The board also changed the motto of the county from “Where You Belong” to “Where Freedom Rings.”

“Christian nationalists want to define America as a Christian nation and they want the government to promote a specific cultural template as the official culture of the country,” writes Paul D. Miller in Christianity Today.

“Some have advocated for an amendment to the Constitution to recognize America’s Christian heritage, others to reinstitute prayer in public schools. Some work to enshrine a Christian nationalist interpretation of American history in school curricula, including that America has a special relationship with God or has been ‘chosen’ by him to carry out a special mission on earth.”

The COVID-19 pandemic was a galvanizing worldwide event in a myriad of ways. As many communities struggled to keep close contact with family and friends while navigating state and county mitigation efforts, several churches saw a renaissance in West Michigan, especially those with large facilities and land that could host outdoor services.

While some looked for ways to reconnect with others, others harbored resentment to the disruption of their lives.

Bart Spencer, senior pastor of Lighthouse Baptist Church, made headlines early in the pandemic when he encouraged his congregation to contract the virus to “get it over with,” which was met with heavy criticism from local health professionals. 

His church held in-person services throughout the pandemic. Some congregants wore masks and practiced social distancing — others didn’t.

“We trust our people to make their own decisions,” Spencer told The Sentinel in March 2020. “We respect one another’s positions.”

As states grappled with their approach to COVID-19 mitigation strategies — states with Democrat governors primarily opted for stricter lockdowns and social-distancing requirements, while states run by Republicans mostly avoided such measures — the politicization of COVID, its origins and how to avoid and treat it began trickling down from the national level and polarizing communities.

One Holland-area pastor told The Sentinel in October 2020 that politics infiltrating religion was so toxic, he walked away from the Christian Reformed Church after 30 years as a pastor.

Keith Mannes said he loved his congregation at East Saugatuck CRC, where he'd been for the previous four years, but said the church as a whole had “abandoned its role” as the conscience of the state in support of then-President Donald Trump.

“There’s a quote from Martin Luther King where he said, ‘The church must be reminded that it is not the master or the servant of the state, but rather the conscience of the state,’” Mannes told The Sentinel. “That just hit me hard because I think, broadly, the white evangelical community in our country has abandoned that role."

George Lundskow, a sociology professor at Grand Valley State University who studies the sociology of religion, said support from the religious community is tied to how people view God.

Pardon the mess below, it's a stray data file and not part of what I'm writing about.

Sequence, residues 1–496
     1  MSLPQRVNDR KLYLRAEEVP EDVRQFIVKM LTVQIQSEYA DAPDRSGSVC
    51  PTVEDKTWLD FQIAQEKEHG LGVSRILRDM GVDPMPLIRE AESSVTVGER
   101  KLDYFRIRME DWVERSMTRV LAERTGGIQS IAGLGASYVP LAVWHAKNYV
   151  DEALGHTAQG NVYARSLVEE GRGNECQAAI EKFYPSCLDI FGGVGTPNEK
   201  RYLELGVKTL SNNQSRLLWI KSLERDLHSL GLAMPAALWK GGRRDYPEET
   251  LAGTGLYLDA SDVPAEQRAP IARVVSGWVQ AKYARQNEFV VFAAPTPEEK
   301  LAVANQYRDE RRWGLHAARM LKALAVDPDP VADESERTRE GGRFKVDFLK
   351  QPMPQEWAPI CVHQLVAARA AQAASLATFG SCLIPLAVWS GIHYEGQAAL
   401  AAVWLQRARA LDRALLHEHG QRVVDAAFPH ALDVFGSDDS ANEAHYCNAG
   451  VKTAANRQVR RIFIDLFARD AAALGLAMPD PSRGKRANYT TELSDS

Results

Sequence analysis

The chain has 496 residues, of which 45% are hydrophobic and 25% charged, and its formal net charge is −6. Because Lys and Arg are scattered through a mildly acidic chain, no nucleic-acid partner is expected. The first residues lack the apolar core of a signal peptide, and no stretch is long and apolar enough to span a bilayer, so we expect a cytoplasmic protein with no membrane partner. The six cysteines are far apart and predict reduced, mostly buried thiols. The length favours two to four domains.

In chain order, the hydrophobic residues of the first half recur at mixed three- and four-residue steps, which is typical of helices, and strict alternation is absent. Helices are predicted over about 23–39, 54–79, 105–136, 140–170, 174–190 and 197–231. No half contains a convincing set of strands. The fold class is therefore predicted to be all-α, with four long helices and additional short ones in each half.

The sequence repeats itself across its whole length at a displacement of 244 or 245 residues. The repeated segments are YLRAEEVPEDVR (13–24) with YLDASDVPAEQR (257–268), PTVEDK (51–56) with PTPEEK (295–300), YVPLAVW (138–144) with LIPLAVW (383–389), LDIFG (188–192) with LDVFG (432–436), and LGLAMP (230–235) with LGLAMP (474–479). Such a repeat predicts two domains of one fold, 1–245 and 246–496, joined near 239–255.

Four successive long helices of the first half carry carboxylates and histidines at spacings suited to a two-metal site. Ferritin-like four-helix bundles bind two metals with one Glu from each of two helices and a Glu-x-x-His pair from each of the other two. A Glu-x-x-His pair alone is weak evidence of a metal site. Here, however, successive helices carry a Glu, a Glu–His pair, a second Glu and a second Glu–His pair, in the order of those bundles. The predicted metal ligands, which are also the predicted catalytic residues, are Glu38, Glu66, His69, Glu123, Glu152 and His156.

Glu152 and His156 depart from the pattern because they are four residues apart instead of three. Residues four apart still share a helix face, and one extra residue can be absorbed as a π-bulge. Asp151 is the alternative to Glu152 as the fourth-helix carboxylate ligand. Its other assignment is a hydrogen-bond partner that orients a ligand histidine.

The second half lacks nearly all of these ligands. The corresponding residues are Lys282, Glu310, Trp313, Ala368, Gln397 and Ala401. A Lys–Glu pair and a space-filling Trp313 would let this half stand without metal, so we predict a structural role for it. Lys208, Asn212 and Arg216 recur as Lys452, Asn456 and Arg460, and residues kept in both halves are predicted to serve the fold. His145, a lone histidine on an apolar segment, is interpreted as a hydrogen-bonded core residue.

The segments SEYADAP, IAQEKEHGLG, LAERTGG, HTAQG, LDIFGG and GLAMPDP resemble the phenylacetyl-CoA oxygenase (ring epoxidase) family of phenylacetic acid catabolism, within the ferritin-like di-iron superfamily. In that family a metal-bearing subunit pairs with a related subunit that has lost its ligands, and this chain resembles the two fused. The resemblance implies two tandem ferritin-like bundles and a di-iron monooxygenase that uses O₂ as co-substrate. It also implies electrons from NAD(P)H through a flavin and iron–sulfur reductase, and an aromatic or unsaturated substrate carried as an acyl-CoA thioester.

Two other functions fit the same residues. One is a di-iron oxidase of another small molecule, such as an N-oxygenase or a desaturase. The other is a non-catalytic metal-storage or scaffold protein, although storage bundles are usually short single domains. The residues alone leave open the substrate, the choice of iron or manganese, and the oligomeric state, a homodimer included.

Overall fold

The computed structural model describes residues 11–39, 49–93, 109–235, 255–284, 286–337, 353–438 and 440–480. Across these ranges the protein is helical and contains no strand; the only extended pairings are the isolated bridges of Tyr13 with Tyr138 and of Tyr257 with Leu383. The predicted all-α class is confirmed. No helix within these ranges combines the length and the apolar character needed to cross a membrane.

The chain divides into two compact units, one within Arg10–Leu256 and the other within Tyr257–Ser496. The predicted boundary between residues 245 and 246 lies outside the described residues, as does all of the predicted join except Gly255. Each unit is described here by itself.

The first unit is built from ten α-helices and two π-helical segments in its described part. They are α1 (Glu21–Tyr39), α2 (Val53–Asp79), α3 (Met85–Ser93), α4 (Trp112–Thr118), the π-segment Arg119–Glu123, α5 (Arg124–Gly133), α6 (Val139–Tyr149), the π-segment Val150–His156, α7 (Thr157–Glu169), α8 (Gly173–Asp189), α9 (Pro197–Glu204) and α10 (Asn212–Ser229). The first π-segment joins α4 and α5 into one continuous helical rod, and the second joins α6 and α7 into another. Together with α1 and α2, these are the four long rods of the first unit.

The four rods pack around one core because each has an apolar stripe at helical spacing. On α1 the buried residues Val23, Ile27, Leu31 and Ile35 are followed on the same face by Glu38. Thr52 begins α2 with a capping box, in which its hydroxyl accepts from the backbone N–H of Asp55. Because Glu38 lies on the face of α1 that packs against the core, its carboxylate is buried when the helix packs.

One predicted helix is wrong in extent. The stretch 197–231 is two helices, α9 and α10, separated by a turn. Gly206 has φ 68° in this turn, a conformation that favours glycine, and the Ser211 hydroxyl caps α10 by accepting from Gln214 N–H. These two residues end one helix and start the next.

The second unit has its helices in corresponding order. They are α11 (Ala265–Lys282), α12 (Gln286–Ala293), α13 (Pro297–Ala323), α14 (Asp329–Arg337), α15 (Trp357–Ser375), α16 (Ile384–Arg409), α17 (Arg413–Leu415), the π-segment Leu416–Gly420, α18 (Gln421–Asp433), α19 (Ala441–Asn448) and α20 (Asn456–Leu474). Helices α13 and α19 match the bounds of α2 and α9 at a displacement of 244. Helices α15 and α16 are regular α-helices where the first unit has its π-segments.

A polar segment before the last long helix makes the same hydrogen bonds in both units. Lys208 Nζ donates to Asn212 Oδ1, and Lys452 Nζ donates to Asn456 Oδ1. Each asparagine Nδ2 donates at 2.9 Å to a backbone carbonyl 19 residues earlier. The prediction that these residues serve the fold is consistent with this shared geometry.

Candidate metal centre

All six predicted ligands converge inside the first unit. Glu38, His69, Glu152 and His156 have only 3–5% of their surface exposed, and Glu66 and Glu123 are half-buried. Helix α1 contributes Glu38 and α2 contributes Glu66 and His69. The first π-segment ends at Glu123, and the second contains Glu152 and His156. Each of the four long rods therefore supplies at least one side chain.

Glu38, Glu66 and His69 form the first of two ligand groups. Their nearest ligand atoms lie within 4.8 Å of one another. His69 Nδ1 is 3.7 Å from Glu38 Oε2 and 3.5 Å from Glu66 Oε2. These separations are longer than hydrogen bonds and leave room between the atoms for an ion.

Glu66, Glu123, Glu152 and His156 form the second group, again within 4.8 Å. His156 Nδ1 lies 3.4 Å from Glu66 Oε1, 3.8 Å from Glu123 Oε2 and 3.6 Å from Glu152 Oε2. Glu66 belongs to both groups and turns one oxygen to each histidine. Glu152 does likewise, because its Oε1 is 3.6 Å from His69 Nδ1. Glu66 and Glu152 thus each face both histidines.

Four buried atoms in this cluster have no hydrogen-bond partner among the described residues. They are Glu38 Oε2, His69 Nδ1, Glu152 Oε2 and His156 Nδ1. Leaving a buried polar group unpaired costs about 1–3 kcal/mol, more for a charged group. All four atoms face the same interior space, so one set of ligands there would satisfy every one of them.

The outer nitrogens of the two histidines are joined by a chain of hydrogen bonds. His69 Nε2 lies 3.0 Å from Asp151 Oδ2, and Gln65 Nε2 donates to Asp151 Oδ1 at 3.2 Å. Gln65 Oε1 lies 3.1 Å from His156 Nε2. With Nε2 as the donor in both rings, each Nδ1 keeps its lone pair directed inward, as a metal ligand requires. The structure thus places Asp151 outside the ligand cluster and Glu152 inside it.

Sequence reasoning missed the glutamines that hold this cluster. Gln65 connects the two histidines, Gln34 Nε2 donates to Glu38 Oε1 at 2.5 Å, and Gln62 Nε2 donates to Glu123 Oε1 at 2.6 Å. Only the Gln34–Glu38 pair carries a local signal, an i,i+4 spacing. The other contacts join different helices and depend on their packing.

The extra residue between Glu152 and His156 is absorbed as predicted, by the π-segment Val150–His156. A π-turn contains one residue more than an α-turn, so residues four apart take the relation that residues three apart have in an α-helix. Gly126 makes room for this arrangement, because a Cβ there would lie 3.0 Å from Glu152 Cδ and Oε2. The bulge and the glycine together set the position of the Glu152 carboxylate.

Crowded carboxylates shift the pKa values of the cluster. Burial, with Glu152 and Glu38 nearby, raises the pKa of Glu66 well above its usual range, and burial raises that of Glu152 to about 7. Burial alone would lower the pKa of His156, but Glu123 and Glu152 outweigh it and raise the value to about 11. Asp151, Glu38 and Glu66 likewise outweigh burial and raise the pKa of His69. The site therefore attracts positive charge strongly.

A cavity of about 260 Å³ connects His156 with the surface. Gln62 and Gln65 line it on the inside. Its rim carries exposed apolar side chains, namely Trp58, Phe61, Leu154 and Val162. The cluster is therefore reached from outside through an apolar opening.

Lundskow said, while some of the former president’s actions may not align with Christian values, Trump aligned himself with conservative Christians by acting similar to how they see God — judgmental and punitive.

“(His actions) don’t seem very Christian, much less conservative Christian,” Lundskow said. “I don’t think it’s about that. It’s something else about religion — whether you see God as punitive and judgmental or the loving, forgiving version of God. That definitely shapes political views as well.”

That's reflected in how Ottawa Impact's backers are framing their support of the board.

"Though the world laughs, please keep serving God," said one woman Tuesday, saying, “They all laughed at Noah when he warned everyone about the flood."

"We should all abide by the Ten Commandments so that those of us who repent won't burn in hell,” said another supporter. “I think we have this much dissension because God's message has been watered down."

"Clearly, these communists have no interests for these Christians to be represented,” said another. “The communists demand you be accountable to the voters, but the power you have has been delegated by Christ."

Lighthouse Baptist Church hosted nearly all of Ottawa Impact's candidate forums on the campaign trail — they declined all local media interview requests and refused to participate in traditional nonpartisan events hosted by groups such as the League of Women Voters.

Spencer was invited to lead a prayer at the beginning of one county board meeting.

"'We wrestle not against flesh and blood, but against principalities, against powers, against the rulers of the darkness of this world, against spiritual wickedness in high places,'" Spencer said Jan. 10 during the prayer. "Ottawa County has been the signal county — we may be a bit biased, Father — but the signal county of this state. Lord, she has been a great county for decades and decades and decades.

"And Lord, there’s been threats. And Father we will stand for thee," Spencer continued. "Father, you even told us when you stand, the world’s not going to like that. They’ll hate you, they’ll persecute you, they'll ostracize you. ... I pray for the chair and that you would bless him and the other council members, commission members. Again, knowing the only reason we’re here is to bring glory to you."